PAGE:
The Great Green Lie: CCS Today Is Not Like Scrubbers in the 1970s (Part II)
As noted in Part I, EPA’s 1971 sulfur dioxide standard was based on the application of wet scrubber technology. However, most utilities found it was cheaper to meet the standard by switching to low sulfur coal, rather than install expensive wet scrubbers.
Consequently, during the 1970s, demand for low sulfur coal skyrocketed. Western states, primarily Wyoming and Utah, benefitted; eastern coal producing States in Appalachia and the Ohio River valley suffered.
In Congress, lawmakers from eastern coal producing states sought to redress the economic harm resulting from fuel switching precipitated by EPA’s sulfur standards. Their solution was to require scrubbers at all new coal-fired power plants.
If utilities had to install sulfur controls, these lawmakers reasoned, there would be no incentive to switch to low-sulfur coal. (Of course, this is an absurd waste: From an environmental standpoint, there’s no benefit if a utility installs wet scrubbers and also switches to higher sulfur coal. But that’s a different story of legislative sausage-making. See, generally, Bruce Ackerman & William Hassler, Clean Coal Dirty Air, 1981)
EPA executed this scrubber mandate on June 11, 1979, when it published revised sulfur dioxide emissions standards for new coal-fired power plants in the Federal Register (44 FR 33580). For this determination, there was no question whether wet scrubbers were commercially viable. There was, however, a question as to the commercial viability of “dry” scrubbers, a less water-intensive flue gas desulfurization system developed in the mid 1970s.
At the time, there were zero commercial dry scrubbers in operation at power plants, and utilities had closed financing and commenced construction on dry scrubbers at three power plants representing 1,350 megawatts (44 FR 33594). Notably, none of these projects received federal subsidies.
Despite the considerable evidence that dry scrubbers were an emerging technology in 1979, EPA did not find that the technology met the commercial viability threshold as required by the Clean Air Act. In its review of the regulation, the D.C. Circuit Court of Appeals affirmed that dry scrubbers were not “adequately demonstrated,” and, therefore, could not be the basis of New Source Performance Standards to control sulfur dioxide from power plants.
How the Great Green Lie Backfires on Proponents of the Carbon Pollution Standard
In the table below, I’ve summarized the information presented above, comparing EPA’s Carbon Pollution Standard with the agency’s prior sulfur dioxide standards for new coal-fired power plants.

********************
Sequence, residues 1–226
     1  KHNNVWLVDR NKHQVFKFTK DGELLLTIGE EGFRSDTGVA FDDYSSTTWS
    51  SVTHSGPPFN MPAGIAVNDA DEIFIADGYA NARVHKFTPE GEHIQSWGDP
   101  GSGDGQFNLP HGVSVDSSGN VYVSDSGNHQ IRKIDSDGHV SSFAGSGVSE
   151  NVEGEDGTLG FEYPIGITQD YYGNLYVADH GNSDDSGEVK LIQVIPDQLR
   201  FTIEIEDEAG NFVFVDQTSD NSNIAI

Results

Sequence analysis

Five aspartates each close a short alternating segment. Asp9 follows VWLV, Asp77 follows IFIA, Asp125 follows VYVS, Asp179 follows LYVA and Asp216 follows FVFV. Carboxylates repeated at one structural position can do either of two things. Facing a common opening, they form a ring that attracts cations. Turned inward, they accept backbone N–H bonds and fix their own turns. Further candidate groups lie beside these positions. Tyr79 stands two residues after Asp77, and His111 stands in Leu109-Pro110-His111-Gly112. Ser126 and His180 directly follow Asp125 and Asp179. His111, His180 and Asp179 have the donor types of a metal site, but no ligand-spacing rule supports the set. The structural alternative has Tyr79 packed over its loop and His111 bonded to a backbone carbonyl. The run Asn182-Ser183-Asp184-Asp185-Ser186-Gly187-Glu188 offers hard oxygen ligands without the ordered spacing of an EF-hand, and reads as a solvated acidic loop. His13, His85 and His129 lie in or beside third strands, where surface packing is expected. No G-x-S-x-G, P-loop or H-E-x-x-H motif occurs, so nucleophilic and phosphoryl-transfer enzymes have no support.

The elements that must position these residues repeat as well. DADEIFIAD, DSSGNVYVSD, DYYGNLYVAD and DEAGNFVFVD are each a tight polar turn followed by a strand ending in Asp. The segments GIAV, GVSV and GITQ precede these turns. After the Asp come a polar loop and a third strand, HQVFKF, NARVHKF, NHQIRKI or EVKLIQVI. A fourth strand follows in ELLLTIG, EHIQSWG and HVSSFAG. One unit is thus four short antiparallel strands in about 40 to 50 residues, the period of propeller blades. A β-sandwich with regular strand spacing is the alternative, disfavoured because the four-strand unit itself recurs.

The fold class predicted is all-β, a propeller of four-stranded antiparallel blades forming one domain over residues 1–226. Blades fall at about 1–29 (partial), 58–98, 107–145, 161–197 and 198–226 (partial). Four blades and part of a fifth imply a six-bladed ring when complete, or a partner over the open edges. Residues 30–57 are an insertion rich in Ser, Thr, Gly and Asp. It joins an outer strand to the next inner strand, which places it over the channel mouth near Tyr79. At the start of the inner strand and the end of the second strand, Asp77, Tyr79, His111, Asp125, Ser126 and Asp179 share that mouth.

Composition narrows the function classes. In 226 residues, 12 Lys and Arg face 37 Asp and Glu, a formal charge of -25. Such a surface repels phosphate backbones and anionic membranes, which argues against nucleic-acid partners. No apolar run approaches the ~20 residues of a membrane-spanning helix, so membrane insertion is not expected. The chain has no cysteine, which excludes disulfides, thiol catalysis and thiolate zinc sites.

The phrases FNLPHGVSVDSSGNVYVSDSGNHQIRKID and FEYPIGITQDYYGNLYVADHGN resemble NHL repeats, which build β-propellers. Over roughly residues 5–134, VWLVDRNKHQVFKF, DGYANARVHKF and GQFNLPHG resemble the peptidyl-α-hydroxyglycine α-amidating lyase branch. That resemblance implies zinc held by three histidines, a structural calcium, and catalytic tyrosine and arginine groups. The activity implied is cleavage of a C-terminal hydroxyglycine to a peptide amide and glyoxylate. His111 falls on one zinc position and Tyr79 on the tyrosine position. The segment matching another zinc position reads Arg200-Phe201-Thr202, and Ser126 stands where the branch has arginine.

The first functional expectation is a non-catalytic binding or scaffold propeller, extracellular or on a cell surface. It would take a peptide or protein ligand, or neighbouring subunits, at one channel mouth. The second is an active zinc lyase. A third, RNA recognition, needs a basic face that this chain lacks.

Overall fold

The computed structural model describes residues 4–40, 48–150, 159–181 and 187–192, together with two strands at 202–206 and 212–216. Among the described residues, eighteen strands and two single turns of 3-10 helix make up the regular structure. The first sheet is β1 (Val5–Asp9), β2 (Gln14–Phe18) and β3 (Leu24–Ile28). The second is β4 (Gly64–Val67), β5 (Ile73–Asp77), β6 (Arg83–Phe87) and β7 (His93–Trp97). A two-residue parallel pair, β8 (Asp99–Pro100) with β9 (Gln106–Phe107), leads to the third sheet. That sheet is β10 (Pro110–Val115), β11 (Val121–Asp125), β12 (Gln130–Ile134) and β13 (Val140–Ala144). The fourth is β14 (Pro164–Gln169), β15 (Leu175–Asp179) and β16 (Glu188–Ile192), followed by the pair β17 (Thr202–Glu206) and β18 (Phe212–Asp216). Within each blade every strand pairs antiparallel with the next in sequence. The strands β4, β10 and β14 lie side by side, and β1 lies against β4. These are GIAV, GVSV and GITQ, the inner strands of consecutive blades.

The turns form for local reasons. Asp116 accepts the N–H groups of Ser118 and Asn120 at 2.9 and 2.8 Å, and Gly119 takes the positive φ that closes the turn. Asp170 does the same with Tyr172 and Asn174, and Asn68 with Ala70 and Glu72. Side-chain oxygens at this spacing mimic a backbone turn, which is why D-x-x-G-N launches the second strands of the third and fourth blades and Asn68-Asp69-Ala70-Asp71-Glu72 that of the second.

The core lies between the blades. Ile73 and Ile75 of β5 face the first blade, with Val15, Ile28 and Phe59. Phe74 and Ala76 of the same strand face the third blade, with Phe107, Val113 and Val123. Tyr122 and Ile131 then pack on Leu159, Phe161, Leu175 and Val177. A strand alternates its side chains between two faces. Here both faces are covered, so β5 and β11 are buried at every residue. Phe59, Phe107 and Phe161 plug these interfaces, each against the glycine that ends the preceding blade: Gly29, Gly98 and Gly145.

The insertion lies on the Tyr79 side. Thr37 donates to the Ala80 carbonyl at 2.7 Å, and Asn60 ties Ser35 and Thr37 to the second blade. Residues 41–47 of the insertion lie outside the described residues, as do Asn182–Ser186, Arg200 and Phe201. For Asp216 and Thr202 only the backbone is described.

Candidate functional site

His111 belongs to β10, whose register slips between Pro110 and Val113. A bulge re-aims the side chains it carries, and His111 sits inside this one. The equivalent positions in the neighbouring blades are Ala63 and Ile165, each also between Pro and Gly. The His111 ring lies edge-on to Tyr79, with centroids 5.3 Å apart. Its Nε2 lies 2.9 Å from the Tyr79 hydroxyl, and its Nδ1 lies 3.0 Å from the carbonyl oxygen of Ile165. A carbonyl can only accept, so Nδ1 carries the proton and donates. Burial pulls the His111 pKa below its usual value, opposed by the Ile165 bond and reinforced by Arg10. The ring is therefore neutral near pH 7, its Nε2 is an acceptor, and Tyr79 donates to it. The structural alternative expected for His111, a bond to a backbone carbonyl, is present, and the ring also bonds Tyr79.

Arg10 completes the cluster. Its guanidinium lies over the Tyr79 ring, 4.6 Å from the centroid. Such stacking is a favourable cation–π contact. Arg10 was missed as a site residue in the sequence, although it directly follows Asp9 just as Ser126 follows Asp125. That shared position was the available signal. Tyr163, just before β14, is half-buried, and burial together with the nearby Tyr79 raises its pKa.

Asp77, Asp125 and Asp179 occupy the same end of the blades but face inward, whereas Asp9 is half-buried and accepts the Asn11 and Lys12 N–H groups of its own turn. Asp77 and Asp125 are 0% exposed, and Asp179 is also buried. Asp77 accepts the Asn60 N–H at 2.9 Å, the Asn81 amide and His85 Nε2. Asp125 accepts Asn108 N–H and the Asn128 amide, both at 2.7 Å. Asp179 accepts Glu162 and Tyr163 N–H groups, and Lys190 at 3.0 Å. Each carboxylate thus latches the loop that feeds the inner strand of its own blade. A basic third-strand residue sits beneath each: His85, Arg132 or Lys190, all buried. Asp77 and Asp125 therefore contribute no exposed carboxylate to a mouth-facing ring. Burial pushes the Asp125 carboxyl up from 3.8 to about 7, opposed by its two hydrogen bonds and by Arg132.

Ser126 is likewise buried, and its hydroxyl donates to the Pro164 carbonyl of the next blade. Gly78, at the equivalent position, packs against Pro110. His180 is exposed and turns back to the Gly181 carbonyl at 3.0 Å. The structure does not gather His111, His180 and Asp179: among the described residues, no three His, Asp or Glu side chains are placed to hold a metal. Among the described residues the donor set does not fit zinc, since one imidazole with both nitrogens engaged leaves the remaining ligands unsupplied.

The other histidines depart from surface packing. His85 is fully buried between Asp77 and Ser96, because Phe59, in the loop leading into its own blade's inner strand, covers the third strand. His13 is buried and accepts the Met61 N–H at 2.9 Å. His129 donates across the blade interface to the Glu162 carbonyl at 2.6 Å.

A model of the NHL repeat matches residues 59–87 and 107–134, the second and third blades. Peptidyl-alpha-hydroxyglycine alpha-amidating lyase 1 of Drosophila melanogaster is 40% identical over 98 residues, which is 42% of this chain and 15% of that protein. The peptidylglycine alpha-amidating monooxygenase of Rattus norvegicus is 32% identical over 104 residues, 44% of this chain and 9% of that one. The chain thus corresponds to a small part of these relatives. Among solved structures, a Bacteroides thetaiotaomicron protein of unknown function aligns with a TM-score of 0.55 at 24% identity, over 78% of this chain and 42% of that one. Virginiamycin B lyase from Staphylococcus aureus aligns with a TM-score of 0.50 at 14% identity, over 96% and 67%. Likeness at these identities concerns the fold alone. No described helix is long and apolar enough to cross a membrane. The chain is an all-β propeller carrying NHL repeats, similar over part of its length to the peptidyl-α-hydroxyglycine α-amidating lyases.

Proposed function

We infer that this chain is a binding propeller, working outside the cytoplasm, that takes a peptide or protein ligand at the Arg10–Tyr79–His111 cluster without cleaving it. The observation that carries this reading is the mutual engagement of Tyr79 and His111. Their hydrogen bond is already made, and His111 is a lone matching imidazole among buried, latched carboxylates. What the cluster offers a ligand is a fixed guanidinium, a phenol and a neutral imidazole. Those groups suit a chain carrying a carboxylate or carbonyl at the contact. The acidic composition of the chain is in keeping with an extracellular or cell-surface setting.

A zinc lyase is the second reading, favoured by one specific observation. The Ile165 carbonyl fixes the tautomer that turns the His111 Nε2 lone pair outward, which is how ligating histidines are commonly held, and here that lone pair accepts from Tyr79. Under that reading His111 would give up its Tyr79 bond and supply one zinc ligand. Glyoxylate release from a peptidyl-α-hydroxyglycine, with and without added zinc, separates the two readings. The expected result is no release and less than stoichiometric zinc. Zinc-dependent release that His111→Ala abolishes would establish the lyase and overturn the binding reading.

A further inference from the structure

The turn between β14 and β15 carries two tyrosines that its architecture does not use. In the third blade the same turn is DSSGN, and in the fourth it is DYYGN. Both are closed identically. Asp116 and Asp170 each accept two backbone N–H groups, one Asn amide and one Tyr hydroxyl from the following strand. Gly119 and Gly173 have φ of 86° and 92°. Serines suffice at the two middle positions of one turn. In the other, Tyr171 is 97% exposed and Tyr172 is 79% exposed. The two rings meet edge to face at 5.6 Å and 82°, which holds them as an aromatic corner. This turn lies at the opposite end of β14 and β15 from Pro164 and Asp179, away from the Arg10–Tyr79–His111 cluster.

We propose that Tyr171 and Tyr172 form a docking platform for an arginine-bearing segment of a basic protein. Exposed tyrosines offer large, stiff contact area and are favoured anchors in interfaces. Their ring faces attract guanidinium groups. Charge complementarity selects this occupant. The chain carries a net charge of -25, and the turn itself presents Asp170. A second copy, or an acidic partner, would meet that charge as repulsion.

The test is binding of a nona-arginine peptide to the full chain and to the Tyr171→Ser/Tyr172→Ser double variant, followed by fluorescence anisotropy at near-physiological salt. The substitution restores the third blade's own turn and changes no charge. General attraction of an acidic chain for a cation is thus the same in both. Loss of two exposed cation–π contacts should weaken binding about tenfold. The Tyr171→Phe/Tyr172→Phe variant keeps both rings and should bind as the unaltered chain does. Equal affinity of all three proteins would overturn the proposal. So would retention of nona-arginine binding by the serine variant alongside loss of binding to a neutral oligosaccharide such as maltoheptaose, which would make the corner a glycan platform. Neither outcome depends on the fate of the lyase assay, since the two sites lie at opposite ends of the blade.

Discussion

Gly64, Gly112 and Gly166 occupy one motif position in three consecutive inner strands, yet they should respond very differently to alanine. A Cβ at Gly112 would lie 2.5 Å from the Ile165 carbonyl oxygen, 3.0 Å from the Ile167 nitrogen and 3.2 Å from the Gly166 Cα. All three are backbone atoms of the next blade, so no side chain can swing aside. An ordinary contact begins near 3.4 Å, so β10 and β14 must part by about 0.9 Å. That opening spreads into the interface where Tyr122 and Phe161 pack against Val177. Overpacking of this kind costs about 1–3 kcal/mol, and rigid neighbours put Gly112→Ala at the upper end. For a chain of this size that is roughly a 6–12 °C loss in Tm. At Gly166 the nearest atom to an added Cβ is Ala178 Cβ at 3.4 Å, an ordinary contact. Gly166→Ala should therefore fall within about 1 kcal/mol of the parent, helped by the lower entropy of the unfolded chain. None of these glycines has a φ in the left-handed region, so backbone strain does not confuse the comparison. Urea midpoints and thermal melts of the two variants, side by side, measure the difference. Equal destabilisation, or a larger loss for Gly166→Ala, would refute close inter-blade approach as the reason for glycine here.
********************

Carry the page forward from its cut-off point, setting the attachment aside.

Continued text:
Clearly, the contemporary status of CCS technology is a poor parallel to the development of wet scrubber technology in 1971, at which time the latter technology was market mature. However, CCS does compare well with the status of dry scrubber technology in 1979. Currently, CCS has been installed on zero power plants, although it isbeing installed at a 540 MW power plant in Mississippi. Dry scrubbers, by comparison, in 1979 were being installed at three power plants (representing 1350 megawatts).
Let’s elaborate on this CCS-dry-scrubber analogy, which is indeed apt. According to a February, 1980 survey by EPA, dry scrubbers were being readily embraced by the market, without subsidies. The agency noted:
“With regard to process development, there does not appear to be a need for EPA to fund programs aimed at the development of sprayer-dryer based technology since a significant amount of commercial interest currently exists in these systems…[N]umerous vendors of dry processes are devoting large research budgets to the development of sprayer dryer-based FGD systems, and it appears that this technology will be developed regardless of EPA involvement.”
For CCS, the opposite is true: The technology is so nascent and expensive that no utility would undertake it absent generous government subsidies. In fact, the only CCS project in the U.S. to close the necessary financing was aided by $270 million in Energy Department direct grants, and another $170 million in tax credits from the I.R.S. Without these taxpayer handouts, the project would never have broken ground.
The evidence indicates that dry scrubber technology was much further developed in 1979 than is CCS today. For starters, there were more dry scrubbers being installed then relative to CCS now. More importantly, the market actors were adopting dry scrubber technology of their own volition, whereas this cannot be said for CCS.
With this in mind, it is telling that EPA considered dry scrubber technology extensively in its 1979 sulfur dioxide standards for new power plants, yet the agency declined to determine that the technology was “adequately demonstrated” (i.e., commercially viable). The D.C. Circuit Court of Appeals was more explicit in a 1981 decision (Sierra Club v. Costle, 657 F. 2d 298 (D.C. Cir. 1981)) reviewing the sulfur dioxide standard, in which it found:
We feel compelled to state, so that there is no suggestion that the standard has been relaxed, that we do not hold that dry scrubbing is adequately demonstrated technology. Indeed, the record in this case would indicate the contrary.
Because dry scrubbers were not commercially viable in June 1979, they were an impermissible basis for a NSPS for new coal-fired power plants. In light of the evidence presented in this post that dry scrubbing more advanced in 1979 than CCS is today, the Court’s reasoning is an ominous precedent for proponents of the Carbon Pollution Standard.
Thus, the great green lie actually undermines the argument of those that speak it.